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Pain Manag Nurs. 2014 Mar;15(1):380-90. doi: 10.1016/j.pmn.2012.07.004. Epub 2012 Aug 25.

Treating acute pain in light of the chronification of pain.

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Department of Medicine, Johns Hopkins University School of Medicine, Baltimore, Maryland; Department of Anesthesiology, Georgetown University School of Medicine, Washington, District of Columbia; Department of Pharmacology, School of Medicine, Philadelphia, Pennsylvania.
School of Pharmacy, Temple University, Philadelphia, Pennsylvania.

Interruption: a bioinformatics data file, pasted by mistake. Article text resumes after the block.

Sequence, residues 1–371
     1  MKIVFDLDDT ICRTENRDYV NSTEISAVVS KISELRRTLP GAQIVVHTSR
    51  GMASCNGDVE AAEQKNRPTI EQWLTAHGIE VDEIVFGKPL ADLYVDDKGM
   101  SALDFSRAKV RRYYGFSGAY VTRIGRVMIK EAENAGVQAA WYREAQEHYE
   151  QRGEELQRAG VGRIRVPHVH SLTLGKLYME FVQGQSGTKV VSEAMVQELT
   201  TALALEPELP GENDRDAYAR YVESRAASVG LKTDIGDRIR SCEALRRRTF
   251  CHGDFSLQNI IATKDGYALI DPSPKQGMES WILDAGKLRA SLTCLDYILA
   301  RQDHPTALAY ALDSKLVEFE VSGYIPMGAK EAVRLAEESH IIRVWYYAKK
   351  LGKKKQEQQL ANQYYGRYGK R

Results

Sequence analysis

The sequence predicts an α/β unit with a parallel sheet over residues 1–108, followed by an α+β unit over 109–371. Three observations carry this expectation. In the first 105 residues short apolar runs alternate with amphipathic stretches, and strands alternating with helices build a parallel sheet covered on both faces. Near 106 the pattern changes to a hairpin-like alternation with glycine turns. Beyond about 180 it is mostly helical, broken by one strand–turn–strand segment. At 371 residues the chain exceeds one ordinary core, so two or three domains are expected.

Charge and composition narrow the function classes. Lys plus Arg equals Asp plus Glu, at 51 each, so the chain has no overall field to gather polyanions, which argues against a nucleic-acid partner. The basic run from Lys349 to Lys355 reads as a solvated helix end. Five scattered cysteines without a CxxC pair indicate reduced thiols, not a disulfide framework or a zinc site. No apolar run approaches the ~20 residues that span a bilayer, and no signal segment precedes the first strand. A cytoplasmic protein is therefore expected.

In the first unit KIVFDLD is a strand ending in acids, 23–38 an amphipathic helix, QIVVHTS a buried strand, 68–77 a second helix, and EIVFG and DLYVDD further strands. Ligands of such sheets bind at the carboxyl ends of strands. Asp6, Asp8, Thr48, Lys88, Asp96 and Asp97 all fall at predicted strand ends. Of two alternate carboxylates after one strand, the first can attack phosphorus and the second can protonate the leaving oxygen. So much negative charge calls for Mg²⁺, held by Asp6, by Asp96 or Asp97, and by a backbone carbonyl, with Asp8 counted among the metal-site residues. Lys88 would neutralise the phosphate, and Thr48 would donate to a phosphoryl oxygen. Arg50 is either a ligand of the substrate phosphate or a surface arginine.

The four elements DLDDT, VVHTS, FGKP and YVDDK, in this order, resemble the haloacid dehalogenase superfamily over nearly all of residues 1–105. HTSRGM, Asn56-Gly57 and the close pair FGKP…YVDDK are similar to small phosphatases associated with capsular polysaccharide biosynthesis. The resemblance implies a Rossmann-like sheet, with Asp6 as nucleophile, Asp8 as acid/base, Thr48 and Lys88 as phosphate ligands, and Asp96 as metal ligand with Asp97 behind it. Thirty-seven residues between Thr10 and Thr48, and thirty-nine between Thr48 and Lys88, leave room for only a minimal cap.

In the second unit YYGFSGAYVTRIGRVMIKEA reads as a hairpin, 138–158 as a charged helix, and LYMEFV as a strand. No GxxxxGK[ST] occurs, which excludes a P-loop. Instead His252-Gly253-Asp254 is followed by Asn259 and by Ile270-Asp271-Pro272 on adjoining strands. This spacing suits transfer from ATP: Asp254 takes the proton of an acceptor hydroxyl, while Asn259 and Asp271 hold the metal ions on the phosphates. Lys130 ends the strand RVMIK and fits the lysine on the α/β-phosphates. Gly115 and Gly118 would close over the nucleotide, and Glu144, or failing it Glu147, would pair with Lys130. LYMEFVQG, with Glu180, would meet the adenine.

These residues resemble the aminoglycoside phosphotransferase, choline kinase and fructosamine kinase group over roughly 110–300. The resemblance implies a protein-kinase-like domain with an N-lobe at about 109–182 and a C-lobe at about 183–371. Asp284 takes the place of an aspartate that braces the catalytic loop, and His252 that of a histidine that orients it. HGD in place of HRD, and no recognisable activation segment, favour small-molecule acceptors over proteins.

NEMA Research, Naples, Florida. Electronic address:


The progression of acute to chronic pain, also known as pain chronification, remains incompletely understood. Biologic factors involved in this transition include central sensitization, neuroplastic changes, altered pain modulation, and changes to the "neuromatrix." Chronic pain may involve irreversible pathophysiologic changes, so interrupting the cascade of events that allows acute pain to advance to chronic pain is of crucial importance. This involves recognition and prompt treatment of acute pain, better awareness and application of evidence-based guidelines on pain management by all clinicians (not just pain specialists), and patient education. By interrupting nociceptive input in acute pain conditions, it might be possible to prevent transition to chronic pain syndromes.

[Indexed for MEDLINE]

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